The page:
Neighborhood Network

December 7, 2020

Dear Neighbor,

Is this the Austin we want?

In the first ten months of this year, murder increased 54 percent in Austin, arson is up 34 percent, auto theft increased 30 percent, and aggravated assault is up 19 percent. Robberies, building thefts, vandalism, and burglaries have also increased. (The latest Chief’s Monthly Report is available here.)

Despite rising crime and slower response times, the Austin City Council voted unanimously to cut 150 officer positions and as much as $153.2 million from the police department budget.

As the “reimagining” process falters, it’s increasingly clear elected leaders chose political expediency over public safety. Police reform is possible without putting the community at risk. Patrol response and investigations will suffer because of reckless budget decisions.

Overtime to backfill patrol vacancies won’t last long, and more officers are leaving the department than anticipated. There could be another 190 or more vacancies by this time next year, putting Austin at least 417 officers behind what the most recent staffing study recommended by fiscal year 2021.

The last forty-two police cadets graduated more than a month ago. No more academy classes are scheduled because of the city council’s budget action. Claims that police training is fundamentally flawed were unfounded. Recent evaluation reports (Ferguson and Villanueva) recommended improvements but also acknowledged the strengths of the police training academy and staff.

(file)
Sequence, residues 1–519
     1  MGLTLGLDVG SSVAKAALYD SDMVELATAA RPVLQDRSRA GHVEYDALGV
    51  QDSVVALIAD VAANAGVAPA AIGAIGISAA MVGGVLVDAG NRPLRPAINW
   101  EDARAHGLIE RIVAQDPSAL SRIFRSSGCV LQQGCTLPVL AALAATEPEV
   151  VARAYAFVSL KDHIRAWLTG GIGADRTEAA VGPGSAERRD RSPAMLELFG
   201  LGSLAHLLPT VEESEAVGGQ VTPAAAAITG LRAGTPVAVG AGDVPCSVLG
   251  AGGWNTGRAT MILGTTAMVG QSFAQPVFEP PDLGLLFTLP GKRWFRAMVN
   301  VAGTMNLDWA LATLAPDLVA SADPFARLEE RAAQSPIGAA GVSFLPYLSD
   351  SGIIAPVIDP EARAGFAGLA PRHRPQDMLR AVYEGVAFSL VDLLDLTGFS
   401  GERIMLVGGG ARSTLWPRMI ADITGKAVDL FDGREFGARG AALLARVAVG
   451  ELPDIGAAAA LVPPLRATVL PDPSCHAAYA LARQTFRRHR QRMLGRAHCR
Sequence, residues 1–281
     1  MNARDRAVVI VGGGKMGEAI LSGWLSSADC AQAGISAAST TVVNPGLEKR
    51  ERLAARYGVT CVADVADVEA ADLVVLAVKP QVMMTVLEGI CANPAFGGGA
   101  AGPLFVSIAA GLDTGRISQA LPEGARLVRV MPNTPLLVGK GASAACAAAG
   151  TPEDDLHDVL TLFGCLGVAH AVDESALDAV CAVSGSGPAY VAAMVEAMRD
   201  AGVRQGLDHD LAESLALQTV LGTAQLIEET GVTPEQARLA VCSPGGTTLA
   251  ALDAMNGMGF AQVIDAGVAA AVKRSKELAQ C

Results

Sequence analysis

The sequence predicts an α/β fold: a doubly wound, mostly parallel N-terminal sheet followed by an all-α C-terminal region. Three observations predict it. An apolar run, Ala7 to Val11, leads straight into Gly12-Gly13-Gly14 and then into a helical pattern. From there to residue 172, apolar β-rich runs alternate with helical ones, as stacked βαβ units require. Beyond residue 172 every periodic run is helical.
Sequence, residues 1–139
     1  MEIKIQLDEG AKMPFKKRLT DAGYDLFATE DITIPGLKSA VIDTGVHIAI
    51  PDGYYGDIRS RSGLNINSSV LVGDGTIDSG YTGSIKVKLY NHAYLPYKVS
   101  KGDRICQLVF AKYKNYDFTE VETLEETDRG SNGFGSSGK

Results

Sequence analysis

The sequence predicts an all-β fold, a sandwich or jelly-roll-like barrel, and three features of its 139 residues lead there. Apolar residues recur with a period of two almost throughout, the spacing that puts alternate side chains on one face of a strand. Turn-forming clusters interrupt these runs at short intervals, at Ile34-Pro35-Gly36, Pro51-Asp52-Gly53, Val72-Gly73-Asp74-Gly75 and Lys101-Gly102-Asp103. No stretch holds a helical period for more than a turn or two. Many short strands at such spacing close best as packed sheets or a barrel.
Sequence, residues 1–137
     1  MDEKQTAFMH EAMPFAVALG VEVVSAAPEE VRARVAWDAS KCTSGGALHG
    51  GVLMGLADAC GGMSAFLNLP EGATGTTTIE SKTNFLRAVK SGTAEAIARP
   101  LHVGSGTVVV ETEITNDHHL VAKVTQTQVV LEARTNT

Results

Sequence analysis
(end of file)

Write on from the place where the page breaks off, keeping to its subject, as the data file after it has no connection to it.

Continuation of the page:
Thursday is the last regular meeting of the Austin City Council until January 27. Since the first seventeen weeks of training is state-mandated, city leaders should give the green light now to start a police academy class in March 2021. Cadets starting in March will not be on the streets until the end of next year.

The City-Community Reimagining Public Safety Task Force will meet virtually this Wednesday, December 8, from 4:00 until 8:00 p.m. The task force has met six times in the last three months and has yet to discuss any of the Austin Police Department programs and services under consideration to be cut or moved as part of a mid-year “transition budget.” More than a dozen social justice groups and the Greater Austin Crime Commission are represented on the task force. The meeting will be livestreamed on Facebook and Zoom.

For thirteen years, the Austin Police Department and community have benefited from the selfless public service of Alice Thomas, who retires at the end of the year as an assistant director and member of the executive team. Alice was a patient and reliable resource for many years, helping the Greater Austin Crime Commission and our public safety coalition partners understand the city budget process. We will miss Alice and look forward to a post-pandemic reception in her honor.

Early voting for runoffs in City Council Districts 6 and 10 continues through Friday. The runoff election is Tuesday, December 15. Be an informed voter. Research the public safety positions of council candidates. Find your council district here and voting locations in Travis and Williamson counties.

Happy Holidays!


P.S. Due to the public health crisis, the Austin Police Operation Blue Santa won’t be delivering gifts, but needs community help to raise $500,000 for food and toy gift cards. The program, which began in 1972, is expected to assist more than 8,000 families and 18,000 children this year. Click here for more information about donating online or by mail.